“Whether they’re fan creators remixing anime or ‘Harry Potter’ content, or young game designers in Roblox or Minecraft, kids are inspired not only by the work of professional creators, but perhaps more importantly by other kids like them whom they can emulate,” says author and director of the Connected Learning Lab at UC Irvine Mimi Ito, PhD. “For parents who want to foster creativity, I would encourage them to support connection to positive online creative communities that are centered on their children’s interests, such as Scratch for creative coding, game design in Roblox or Little Big Planet, fan art in DeviantArt or videos for TikTok or YouTube.”
Creativity comes in many forms, and it’s up to parents to explore the full spectrum with their children as they grow and evolve.
“Children are strikingly creative when encouraged by loving, observant adults,” says Alice Sterling Honig, PhD, Syracuse University professor emerita of child development. “Give a child a necktie and she or he may conjure how to use it as a seatbelt, a sash, a leash for a doggie, a tail for a kite and further. Play dreamy music like ‘The Skater’s Waltz,’ and toddlers move their bodies in graceful, creative ways.”
Honig says that with gentle support, children can unleash creativity early in a myriad of domains and ways, with an unlimited array of materials and gadgets.
“Nurture their budding talents,” she encourages.
Parents should also be aware that children’s creativity levels may naturally fluctuate with time.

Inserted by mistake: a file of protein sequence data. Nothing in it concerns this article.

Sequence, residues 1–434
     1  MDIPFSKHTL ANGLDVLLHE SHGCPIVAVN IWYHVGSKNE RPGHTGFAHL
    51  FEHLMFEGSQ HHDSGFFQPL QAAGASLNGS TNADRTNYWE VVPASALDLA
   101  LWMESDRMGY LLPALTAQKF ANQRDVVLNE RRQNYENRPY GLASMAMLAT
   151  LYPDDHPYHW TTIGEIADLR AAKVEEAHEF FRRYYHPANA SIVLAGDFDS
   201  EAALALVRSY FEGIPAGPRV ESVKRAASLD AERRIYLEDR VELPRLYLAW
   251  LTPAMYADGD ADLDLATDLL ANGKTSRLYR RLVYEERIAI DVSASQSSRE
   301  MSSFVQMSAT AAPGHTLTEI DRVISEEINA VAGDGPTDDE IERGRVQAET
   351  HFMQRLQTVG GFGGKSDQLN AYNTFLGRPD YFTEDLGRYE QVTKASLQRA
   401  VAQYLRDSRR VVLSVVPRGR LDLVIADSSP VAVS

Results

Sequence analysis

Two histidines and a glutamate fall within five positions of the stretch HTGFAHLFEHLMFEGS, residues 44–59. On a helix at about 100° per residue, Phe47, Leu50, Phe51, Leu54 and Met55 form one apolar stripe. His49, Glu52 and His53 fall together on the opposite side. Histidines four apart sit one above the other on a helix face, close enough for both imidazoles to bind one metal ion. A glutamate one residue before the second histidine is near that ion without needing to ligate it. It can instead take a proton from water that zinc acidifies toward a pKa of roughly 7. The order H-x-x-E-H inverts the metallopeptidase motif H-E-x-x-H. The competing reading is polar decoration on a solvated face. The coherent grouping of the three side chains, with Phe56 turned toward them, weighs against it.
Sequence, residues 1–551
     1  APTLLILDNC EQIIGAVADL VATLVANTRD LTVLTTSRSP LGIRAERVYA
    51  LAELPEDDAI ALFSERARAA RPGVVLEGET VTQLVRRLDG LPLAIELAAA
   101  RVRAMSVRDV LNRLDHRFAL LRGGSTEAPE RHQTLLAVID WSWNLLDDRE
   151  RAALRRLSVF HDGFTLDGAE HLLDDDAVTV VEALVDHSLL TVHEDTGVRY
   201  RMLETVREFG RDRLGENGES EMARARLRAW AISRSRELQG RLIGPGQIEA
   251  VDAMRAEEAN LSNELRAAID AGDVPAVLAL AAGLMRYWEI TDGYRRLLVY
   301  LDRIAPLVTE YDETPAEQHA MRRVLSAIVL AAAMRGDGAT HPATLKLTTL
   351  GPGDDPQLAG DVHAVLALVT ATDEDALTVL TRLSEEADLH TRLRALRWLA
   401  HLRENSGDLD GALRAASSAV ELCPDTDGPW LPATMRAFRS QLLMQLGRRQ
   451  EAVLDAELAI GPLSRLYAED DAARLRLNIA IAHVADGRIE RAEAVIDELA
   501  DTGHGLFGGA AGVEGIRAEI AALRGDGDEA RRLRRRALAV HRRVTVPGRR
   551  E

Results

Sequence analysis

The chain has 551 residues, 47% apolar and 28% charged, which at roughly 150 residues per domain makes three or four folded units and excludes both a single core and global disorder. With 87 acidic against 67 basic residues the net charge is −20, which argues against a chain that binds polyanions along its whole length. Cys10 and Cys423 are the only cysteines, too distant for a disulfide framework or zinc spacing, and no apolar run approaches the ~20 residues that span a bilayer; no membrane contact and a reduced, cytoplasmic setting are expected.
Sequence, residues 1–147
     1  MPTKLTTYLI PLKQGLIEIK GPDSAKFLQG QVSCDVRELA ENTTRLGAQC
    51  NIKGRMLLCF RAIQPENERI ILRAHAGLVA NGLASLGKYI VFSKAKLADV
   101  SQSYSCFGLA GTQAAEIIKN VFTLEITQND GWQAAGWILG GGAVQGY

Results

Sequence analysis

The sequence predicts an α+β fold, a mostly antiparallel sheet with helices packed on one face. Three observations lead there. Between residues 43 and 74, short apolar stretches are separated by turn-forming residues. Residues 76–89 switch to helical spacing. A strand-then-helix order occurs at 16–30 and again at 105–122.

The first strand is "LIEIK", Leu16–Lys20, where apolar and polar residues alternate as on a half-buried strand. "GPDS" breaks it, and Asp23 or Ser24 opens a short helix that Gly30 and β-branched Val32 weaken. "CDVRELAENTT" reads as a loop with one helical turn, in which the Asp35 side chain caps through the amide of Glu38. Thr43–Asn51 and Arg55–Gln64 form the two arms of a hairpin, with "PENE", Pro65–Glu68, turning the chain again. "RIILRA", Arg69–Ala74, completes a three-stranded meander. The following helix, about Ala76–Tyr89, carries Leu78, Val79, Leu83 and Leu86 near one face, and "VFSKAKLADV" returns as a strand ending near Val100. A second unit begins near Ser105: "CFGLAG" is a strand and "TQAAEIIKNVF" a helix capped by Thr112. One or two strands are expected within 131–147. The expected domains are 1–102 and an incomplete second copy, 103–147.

“Developmental research has found that children’s creative thinking ability tends to decline during middle childhood,” says Manish Saggar, PhD. “However, this decline has not been consistently demonstrated, and the underlying neural and behavioral factors that affect fluctuations in children’s creative thinking ability remain uncharacterized.”
To help get to the bottom of this mystery, Saggar and his colleagues conducted a longitudinal study investigating the neurobehavioral basis of creative thinking ability during middle childhood in a sample of 48 children.
“We found that although some children show a classic decline in creative ability, others exhibit a significant increase in creativity over time. These trajectories were not associated with differences in intelligence, age or sex, but rather other developmentally relevant constructs, including heightened externalizing behavior (i.e., rule-breaking and aggression).”
In the end, the experts agree that creativity is for everyone, and the earlier parents encourage it in their children, the more beneficial it will be in the long run. Creative kids lead to creative adults, and the kind of problem-solving skills that children begin honing in their youth will inevitably come in handy down the line, whether they’re writing a symphony, figuring out an algebra problem, pitching a startup, designing a website or solving a major societal problem.